99. “Pleasure, scarcely in one instance, is ever able to reach ecstasy and rapture; and in no one instance can it continue for any time at its highest pitch and altitude.”

100. “Patience is exhausted, courage languishes, melancholy seizes us, and nothing terminates our misery but the removal of its cause, or another event, which is the sole cure of all evil, but which, from our natural folly, we regard with still greater horror and consternation.”

101. “We should never know how to adjust means to ends, or to employ our natural powers in the production of any effect. There would be an end at once of all action, as well as of the chief part of speculation.”

102. “A miracle is a violation of the laws of nature; and because firm and unalterable experience has established these laws, the case against a miracle is—just because it is a miracle—as complete as any argument from experience can possibly be imagined to be.”

103. “When suicide is out of fashion, we conclude that none but madmen destroy themselves, and all the efforts of courage appear chimerical to dastardly minds.”

104. “Revolutions of government cannot be affected by the mere force of argument and reasoning.”

105. “Perfect equality of possessions and destroying all subordination weakens extremely the authority of magistracy, and must reduce all power nearly to a level.”

106. “If subjects must never resist, it follows that every prince, without any , policy, or violence, is at once rendered absolute and uncontrollable.”

107. “The essential passions of the heart have found a better soil in which it may attain its maturity and remain under less restraint and extend into its natural state.”

108. “Nature is always too strong for principle.”

109. “Beyond the constant conjunction of similar objects and the consequent inference from one to the other, we have no notion of any necessity, or connection.”

110. “The more instances we examine and the more care we employ, the more assurance shall we acquire that the enumeration which we form from the whole is complete and entire.”

111. “But his internal sentiments are more regulated by the personal characters of men, than by the accidental and capricious favors of fortune.”

112. “The gaiety and frolic of a bottle companion improves with him into a solid friendship, and the ardours of a youthful appetite become an elegant passion.”

113. “A , therefore, of right may become a species of immortality.”

114. “Nothing is more admirable than the readiness with which the imagination suggests its ideas and presents them at the very instant in which they become necessary or useful.”

115. “A propensity to hope and joy is real riches; one to fear and sorrow, real poverty.”

116. “Long before we have reached the last steps of the argument leading to our theory, we are already in Fairyland.”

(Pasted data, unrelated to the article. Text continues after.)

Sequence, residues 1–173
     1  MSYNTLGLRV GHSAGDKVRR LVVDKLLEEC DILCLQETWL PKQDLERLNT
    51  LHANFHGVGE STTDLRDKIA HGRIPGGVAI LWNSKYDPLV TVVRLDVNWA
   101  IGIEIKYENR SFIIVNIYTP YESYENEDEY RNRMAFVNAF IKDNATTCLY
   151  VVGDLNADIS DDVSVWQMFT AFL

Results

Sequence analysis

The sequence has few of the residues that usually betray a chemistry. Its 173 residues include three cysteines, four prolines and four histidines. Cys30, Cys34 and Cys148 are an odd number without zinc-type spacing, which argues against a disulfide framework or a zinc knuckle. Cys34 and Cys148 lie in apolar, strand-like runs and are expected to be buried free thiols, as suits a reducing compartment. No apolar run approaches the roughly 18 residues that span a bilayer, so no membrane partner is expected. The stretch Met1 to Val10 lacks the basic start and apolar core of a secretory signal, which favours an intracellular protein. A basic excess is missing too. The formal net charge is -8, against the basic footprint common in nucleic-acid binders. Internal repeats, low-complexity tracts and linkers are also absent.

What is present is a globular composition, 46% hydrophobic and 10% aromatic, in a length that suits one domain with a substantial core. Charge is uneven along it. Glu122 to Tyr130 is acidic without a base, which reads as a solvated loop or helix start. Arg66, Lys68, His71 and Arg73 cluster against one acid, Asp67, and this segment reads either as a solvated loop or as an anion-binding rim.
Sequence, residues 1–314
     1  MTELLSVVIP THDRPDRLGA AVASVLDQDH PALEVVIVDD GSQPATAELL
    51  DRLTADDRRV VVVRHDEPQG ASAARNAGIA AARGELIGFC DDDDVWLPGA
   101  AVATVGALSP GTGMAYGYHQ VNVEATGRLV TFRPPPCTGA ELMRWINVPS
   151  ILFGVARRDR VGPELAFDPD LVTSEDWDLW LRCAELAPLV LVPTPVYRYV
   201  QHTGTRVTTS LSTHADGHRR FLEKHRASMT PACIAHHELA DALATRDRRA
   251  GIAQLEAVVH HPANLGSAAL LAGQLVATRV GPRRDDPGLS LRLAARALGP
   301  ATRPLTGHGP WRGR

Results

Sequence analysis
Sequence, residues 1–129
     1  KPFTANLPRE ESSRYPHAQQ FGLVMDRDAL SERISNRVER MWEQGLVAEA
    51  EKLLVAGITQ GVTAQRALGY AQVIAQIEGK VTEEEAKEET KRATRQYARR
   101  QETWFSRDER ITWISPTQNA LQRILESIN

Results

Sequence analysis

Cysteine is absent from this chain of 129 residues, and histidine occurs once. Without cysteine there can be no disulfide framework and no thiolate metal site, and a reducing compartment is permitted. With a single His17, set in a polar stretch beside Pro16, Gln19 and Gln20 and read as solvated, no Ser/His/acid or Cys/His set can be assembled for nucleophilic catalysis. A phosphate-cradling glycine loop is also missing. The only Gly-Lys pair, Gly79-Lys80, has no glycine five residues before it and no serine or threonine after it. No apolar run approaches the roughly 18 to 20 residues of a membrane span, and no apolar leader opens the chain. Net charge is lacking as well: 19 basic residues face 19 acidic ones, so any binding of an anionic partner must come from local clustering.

117. “Disputes are multiplied, as if everything was uncertain; and these disputes are managed with the greatest warmth, as if everything was certain.”

118. “Some people are subject to a certain delicacy of passion which makes them extremely sensible to all the accidents of life, and gives them a lively joy upon every prosperous event, as well as a piercing grief, when they meet with misfortunes and adversity.”

119. “Favors and good offices easily engage their friendship; while the smallest injury provokes their resentment.”

120. “I believe when everything is balanced, there is no one who would not rather be of the latter character, where he is entirely master of his own disposition.”

121. “Good or ill fortune is very little at our disposal; and when a person that has this sensibility of temper meets with any misfortune, his sorrow or resentment takes entire possession of him, and deprives him of all relish in the common occurrences of life—the right enjoyment of which forms the chief part of our happiness.”

122. “Great pleasures are much less frequent than great pains; so that a sensible temper must meet with fewer trials in the former way than in the latter.”

123. “Avarice, the spur of industry, is so obstinate a passion, and works its way through so many real dangers and difficulties, that it is not likely to be scared by an imaginary danger, which is so small that it scarcely admits of calculation.”

124. “Liberty is the perfection of civil society; but still, authority must be acknowledged essential to its very existence. And in those contests, which so often take place between the one and the other, the latter may, on that account, challenge the preference.”

125. “A body of ten ounces raised in any scale may serve as a proof that the counterbalancing weight exceeds ten ounces; but can never afford a reason that it exceeds a hundred.”

126. “Where then is the crime of turning a few ounces of blood from their natural channel?”

127. “I resolved to make a very rigid frugality supply my deficiency of fortune, to maintain my unimpaired independence, and to regard every object as contemptible except the improvement of my talents in literature.”